Getting your property valued
Learn how the acquiring authority will assess the market value of your property and how to get your own independent valuation.
The acquiring authority will get an independent valuer to inspect your property. This will happen at an early stage of the acquisition process.
The valuer will work out the market value of your property. They will also determine any other types of compensation you are due under the Land Acquisition (Just Terms Compensation) Act 1991.
How your property is valued
The valuer will determine the market value of your property.
Market value is the amount that you would get for the property if you sold it on the open market, if the proposed project or public purpose did not exist. It considers:
- the size of your property
- the location
- the quality of improvements
- recent sales in the area
- pest and building inspections.
The valuation report
The valuer will prepare a valuation report. This report will be available to both you and the acquiring authority. See what the valuation report should contain.
Getting your own valuation
We recommend you have your own valuation carried out by an independent valuer.
It is important you know that the market value of your property has been independently assessed in line with market conditions.
There are a number of details the valuation report must contain.
When you have your own valuation report, your acquisition support team will arrange an exchange of reports between the valuers.
If there are differences between the valuations, your acquisition support team will arrange a meeting between the valuers. You and your legal representatives are welcome to attend these meetings.
The aim of the meeting is to reach a mutually acceptable agreement with you, your valuer, your acquisition manager and the acquiring authority’s valuer.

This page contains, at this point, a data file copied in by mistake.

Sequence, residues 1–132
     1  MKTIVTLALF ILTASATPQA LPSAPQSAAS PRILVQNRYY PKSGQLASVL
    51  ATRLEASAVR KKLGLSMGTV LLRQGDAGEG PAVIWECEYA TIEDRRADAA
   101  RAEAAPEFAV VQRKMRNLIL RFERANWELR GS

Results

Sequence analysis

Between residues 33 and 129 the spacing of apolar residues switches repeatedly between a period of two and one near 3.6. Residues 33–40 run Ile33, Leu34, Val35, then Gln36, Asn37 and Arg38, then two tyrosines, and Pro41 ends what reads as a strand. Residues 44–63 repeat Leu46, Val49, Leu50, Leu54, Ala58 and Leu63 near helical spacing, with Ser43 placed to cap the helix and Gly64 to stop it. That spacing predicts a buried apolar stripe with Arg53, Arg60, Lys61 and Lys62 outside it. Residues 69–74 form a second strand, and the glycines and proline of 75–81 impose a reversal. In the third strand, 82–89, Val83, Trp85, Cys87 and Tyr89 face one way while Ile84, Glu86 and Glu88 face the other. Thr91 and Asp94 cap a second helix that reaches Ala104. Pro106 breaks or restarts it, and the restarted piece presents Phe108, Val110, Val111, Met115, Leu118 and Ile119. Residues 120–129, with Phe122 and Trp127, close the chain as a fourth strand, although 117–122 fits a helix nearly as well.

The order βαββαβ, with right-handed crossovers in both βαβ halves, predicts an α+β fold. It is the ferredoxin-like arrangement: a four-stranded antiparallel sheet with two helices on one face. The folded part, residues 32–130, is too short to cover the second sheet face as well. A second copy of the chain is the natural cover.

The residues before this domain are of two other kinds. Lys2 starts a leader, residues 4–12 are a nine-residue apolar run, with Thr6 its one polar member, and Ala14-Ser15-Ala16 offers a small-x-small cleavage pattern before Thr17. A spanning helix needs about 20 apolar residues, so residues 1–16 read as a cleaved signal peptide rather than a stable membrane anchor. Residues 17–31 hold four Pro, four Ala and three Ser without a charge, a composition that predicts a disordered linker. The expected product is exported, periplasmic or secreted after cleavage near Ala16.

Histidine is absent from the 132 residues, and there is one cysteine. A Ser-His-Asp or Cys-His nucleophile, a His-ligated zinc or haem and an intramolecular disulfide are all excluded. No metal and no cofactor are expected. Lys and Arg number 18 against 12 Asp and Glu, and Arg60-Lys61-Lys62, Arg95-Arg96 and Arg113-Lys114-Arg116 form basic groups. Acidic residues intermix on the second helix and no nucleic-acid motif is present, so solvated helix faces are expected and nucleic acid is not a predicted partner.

By getting an independent valuation early, negotiations can begin quickly and you’ll have more time to find a new property.
See types of compensation for information on how partial acquisition valuations are made.
Compensation for valuation fees
Discuss valuation costs with the acquiring authority before you engage your own valuer.
When the acquisition is settled, the acquiring authority will pay the agreed valuation fees, as long as:
- the valuer is appropriately qualified
- the valuation report contains the required information
- the valuer discusses their valuation report with the acquiring authority’s valuer.
If you need to engage other services, such as accountants, town planners or surveyors, it is recommended that you first get written agreement from the acquiring authority that it will pay these costs.
Your valuer must have one of the following qualifications:
- full member of the Australian Valuers Institute (not an associate or student member)
- full member of the Australian Property Institute (not a student or provisional member), obtained because of their occupation as a valuer
- full member of the Royal Institution of Chartered Surveyors as a chartered valuer.
Find a qualified valuer
These organisations can give you independent advice on finding a qualified valuer.